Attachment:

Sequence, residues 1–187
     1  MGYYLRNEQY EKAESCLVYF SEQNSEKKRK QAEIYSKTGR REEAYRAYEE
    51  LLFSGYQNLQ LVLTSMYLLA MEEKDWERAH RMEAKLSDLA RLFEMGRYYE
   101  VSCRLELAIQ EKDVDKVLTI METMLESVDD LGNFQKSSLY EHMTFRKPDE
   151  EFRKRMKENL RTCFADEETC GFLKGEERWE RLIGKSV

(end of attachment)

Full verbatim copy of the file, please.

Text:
Sequence, residues 1–187
     1  MGYYLRNEQY EKAESCLVYF SEQNSEKKRK QAEIYSKTGR REEAYRAYEE
    51  LLFSGYQNLQ LVLTSMYLLA MEEKDWERAH RMEAKLSDLA RLFEMGRYYE
   101  VSCRLELAIQ EKDVDKVLTI METMLESVDD LGNFQKSSLY EHMTFRKPDE
   151  EFRKRMKENL RTCFADEETC GFLKGEERWE RLIGKSV